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DIY DI Box

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scrawny git

New Member
I'm trying to build a very basic DI box. Passive and taking speaker and line levels down to mic level. I'm just not sure what transformer to use and this is apparently the key to a good DI.

The ratio, on the schematics I've seen is 1:1, so I was wondering about this?
High Performance PCB Mounting AF Transformers > Maplin

Here's one schematic I was thinking of trying:
p35-f2.gif

All suggestions welcome. Thanks.
 

Sceadwian

Banned
Looks good to me.
 

audioguru

Well-Known Member
Most Helpful Member
The transformer needs to have its spec'd load resistance or it might have a peak in its frequency response.
 

wasp22

New Member
Hey Scrawny

If you want to use this DI box circuit with an electric guitar you will find a 1:1 transformer will give you poor quality audio. Also the resistor and potentiometer limit the input impedance of the box to about 10K ohms.

A guitar pickup is designed to drive a high impedance input of 100K ohms or greater. With a standard microphone channel input on a mixing desk, the input impedance is around 1.5K ohms. If you use a 1:1 transformer your guitar will 'see' a reflected impedance of only 1.5K ohms. For best results a turns ratio of 10:1 or greater is required.

If you want to do this cheaply you could use a Maplin LT44 driver transformer (20K - 1K ct), connect the input jack to the 20K primary and use only half of the secondary (use the centre tap and either outside pin). This should give you give an input impedance of around 100K ohms. Give that a try first before plonking down money for an expensive transformer.

You second alternative would be to build an active DI, but that's a bit more complicated...

WASP
 

gabeNC

Member
A guitar pickup is designed to drive a high impedance input of 100K ohms or greater. With a standard microphone channel input on a mixing desk, the input impedance is around 1.5K ohms. If you use a 1:1 transformer your guitar will 'see' a reflected impedance of only 1.5K ohms. For best results a turns ratio of 10:1 or greater is required.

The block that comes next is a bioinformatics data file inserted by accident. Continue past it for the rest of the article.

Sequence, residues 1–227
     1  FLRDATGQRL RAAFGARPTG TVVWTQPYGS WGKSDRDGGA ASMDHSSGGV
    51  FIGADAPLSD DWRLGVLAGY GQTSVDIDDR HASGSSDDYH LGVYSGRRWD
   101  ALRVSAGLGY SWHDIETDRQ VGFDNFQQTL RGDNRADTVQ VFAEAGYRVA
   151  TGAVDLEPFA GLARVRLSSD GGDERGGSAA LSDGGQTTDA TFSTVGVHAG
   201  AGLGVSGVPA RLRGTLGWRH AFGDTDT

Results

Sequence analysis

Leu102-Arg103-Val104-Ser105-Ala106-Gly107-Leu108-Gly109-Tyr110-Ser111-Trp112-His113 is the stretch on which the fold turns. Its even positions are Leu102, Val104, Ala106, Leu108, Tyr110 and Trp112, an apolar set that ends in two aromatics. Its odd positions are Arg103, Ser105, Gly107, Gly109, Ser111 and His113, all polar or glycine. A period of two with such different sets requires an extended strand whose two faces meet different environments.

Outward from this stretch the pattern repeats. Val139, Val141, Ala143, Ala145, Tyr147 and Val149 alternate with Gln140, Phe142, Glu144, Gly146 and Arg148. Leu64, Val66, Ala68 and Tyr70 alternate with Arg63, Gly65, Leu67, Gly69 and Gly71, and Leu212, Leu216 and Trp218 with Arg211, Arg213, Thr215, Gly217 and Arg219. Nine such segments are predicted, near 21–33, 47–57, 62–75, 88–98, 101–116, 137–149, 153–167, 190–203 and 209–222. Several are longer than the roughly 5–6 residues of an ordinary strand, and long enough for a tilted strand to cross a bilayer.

WASP

How about a piezo saddle type pickup on an acoustic? Usually they have a preamp on board does it bring it up to the same impedance level? Like Scrawny, I have an interest in this and would like to build something similar.
 

wasp22

New Member
How about a piezo saddle type pickup on an acoustic? Usually they have a preamp on board does it bring it up to the same impedance level? Like Scrawny, I have an interest in this and would like to build something similar.
Guitars with an internal preamp are much less critical regarding load impedance. A peizo pickup in most cases always uses a preamp because it requires an even higher load impedance than an inductive pickup.

Jensen Transformers (USA) make an excellent but costly DI transformer.
http://www.electro-tech-online.com/custompdfs/2009/04/as066.pdf

If you are running Bass guitar through your DI it is important to select a transformer that will handle high level low frequency signals without being driven into saturation and causing distortion. Some small audio transformers
perform badly with Bass for this reason.
 

Nigel Goodwin

Super Moderator
Most Helpful Member
Guitars with an internal preamp are much less critical regarding load impedance. A peizo pickup in most cases always uses a preamp because it requires an even higher load impedance than an inductive pickup.

Jensen Transformers (USA) make an excellent but costly DI transformer.
http://www.electro-tech-online.com/custompdfs/2009/04/as066-2.pdf

If you are running Bass guitar through your DI it is important to select a transformer that will handle high level low frequency signals without being driven into saturation and causing distortion. Some small audio transformers
perform badly with Bass for this reason.
Why not just use an active DI box?, suits pretty well any source (far more than a transformer), and they work extremely well - I wouldn't be without mine, and I have two double ones (use it as two separate DI's, or switch it to feed two balanced outputs from a single input).
 
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